Thursday , December 1 2022

First water level monitoring station opens atop lower Mekong basin


The Mekong River Commission (MRC) has unveiled the Xieng Kok water level monitoring station in Laos that’s expected to reduce downstream vulnerability to unexpected flows.

This could benefit millions who live downstream the Mekong River, an MRC Friday press release said.

The station sits on Laos’s northern border with Myanmar. The commission handed the station over the Laos government to operate and provide related parties with relevant data.

It will require Myanmar to jointly collect data with Lao colleagues on water discharges that will be made quickly accessible to the millions of Southeast Asians living downstream. This should enable them to adapt accordingly, like the farmers planning to harvest crops or fishermen relying on the river for their daily catch, the release said.

Dr Anoulak Kittikhoun, the MRC Secretariat CEO, said that the station would record water flow from the upper Mekong River that lies approximately 130 km from the station. If there were any change, due to water release, closing a gate, or sudden rainfall, the public would know almost immediately.

“This is a strategic monitoring station,” Kittikhoun said.

He said that with greater capabilities, the MRC can provide more information to member countries and local communities. This would require every riparian country to share more information about dam operations.

At the station’s opening ceremony, the Lao alternate member of the MRC Council, Vice Minister of Natural Resources and Environment Chanthanet Boualapha, said that by installing these stations on its territory, Laos hopes to send a message that it’s stepping up to play its part in Mekong River management and effective future forecasting.

The Xieng Kok station is one of several new monitoring stations whose construction was delayed by Covid, as it slowed the delivery of crucial supplies and spare parts.

The release said denizens of the lower Mekong River basin have been long vulnerable to the whims of water flow, human-made or caused by nature. Villages might be flooded from one moment to the next, with disastrous consequences for the families living there.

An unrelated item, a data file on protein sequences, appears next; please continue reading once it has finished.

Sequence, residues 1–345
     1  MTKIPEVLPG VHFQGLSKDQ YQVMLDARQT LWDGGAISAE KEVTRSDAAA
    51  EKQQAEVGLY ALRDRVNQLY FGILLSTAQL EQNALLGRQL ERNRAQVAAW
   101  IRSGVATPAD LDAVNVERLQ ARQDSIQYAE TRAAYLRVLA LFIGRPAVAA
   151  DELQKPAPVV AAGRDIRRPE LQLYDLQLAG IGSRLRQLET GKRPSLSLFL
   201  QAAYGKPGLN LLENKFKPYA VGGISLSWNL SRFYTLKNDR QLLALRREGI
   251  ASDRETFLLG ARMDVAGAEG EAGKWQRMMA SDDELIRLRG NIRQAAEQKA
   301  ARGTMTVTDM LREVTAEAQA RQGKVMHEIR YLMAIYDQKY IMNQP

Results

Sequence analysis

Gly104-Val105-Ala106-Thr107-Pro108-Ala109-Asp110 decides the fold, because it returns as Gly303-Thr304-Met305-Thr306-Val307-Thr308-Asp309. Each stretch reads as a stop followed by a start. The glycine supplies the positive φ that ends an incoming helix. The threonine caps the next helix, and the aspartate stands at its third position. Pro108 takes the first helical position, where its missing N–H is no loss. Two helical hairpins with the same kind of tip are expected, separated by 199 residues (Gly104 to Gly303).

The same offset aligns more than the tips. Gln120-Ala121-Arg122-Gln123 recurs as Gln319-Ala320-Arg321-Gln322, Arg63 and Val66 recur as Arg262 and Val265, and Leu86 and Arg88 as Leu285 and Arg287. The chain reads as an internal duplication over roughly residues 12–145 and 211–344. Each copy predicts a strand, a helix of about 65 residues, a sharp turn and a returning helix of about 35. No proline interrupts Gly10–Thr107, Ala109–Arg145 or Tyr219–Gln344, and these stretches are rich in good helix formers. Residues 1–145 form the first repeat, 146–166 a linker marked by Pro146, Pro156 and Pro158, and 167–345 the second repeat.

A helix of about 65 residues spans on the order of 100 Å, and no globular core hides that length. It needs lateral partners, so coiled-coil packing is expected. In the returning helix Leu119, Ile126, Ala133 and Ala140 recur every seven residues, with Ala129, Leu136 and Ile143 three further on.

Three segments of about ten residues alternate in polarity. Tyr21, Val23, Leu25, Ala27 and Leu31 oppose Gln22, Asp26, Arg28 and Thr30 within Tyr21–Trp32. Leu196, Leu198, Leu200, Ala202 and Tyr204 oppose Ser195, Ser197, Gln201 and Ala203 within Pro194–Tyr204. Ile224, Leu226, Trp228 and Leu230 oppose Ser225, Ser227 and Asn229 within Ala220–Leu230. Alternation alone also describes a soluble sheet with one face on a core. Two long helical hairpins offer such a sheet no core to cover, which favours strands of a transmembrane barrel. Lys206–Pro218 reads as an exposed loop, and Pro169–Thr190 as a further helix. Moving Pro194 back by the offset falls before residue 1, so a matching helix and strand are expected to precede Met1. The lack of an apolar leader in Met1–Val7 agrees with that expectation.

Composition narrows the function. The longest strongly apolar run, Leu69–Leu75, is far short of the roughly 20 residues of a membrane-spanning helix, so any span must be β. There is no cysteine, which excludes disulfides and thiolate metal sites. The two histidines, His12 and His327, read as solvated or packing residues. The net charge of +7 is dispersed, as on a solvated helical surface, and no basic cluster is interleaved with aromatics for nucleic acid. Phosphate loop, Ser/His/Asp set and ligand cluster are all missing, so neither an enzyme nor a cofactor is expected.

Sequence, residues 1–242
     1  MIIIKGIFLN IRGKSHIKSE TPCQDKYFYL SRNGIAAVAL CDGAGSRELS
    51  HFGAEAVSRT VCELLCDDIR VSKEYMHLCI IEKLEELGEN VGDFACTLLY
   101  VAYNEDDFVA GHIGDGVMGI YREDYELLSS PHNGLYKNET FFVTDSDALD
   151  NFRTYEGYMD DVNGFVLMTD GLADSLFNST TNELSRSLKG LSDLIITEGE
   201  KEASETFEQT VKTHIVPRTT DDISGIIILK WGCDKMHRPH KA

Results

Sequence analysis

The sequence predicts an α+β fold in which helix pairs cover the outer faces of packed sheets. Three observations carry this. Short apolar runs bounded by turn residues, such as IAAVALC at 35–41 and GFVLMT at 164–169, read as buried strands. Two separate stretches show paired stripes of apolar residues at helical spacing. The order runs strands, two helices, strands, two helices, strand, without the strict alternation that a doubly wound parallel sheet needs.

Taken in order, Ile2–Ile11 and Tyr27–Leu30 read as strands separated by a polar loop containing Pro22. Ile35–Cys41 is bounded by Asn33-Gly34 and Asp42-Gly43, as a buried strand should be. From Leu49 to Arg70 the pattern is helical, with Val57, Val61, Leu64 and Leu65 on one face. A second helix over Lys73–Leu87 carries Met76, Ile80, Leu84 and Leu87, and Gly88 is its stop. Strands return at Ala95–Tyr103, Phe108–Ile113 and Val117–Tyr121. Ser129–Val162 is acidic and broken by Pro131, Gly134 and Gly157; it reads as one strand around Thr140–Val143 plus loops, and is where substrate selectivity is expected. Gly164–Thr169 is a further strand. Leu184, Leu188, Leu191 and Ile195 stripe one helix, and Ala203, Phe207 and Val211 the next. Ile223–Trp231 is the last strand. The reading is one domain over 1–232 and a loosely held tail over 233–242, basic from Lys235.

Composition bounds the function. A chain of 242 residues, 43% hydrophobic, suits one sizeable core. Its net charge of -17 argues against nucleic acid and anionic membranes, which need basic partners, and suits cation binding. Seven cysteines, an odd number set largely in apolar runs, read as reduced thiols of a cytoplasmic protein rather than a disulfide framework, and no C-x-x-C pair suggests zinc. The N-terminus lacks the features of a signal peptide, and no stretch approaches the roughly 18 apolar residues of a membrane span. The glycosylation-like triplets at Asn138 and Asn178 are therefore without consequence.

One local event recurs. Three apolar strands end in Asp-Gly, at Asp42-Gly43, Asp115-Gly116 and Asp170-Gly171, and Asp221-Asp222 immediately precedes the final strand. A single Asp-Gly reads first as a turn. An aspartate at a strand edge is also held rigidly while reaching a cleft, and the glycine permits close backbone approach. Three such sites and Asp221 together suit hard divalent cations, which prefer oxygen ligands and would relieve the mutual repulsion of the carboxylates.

Between 2008 and 2012, 49 stations have been built along the river and its tributaries to continuously measure rainfall and water levels. They are in the first phase of the Mekong Hydrological Cycle Observing System Project (HYCOS).

Twelve of these were built in Cambodia, Laos and Vietnam, 11 in Thailand and two more in southern China, through which most of the river flows. Funding was provided by the French Development Agency (AFD).

Through HYCOS, expansion and upgrades will soon see a total of 56 stations along the Mekong, with an additional 13 on its tributaries, under Japan’s drought-management project, and two more under the MRC Joint Environment Monitoring Pilot Project.

In Cambodia, the MRC has completed one new station and refurbished another so far. Laos has seen two stations refurbished and two new stations built, including Xieng Kok. As Covid delays ease, recently completed stations have become operational in Thailand and Vietnam.

Each monitoring station is equipped with a cutting-edge “telemetry” system which transmits current water levels and rainfall data every 15 minutes: first to a central database at the MRC Secretariat, then disseminated to the member countries.

The stations also aim to equip the four MRC governments (Cambodia, Laos, Thailand and Vietnam) with enough information to craft effective policies that benefit their riparian societies.

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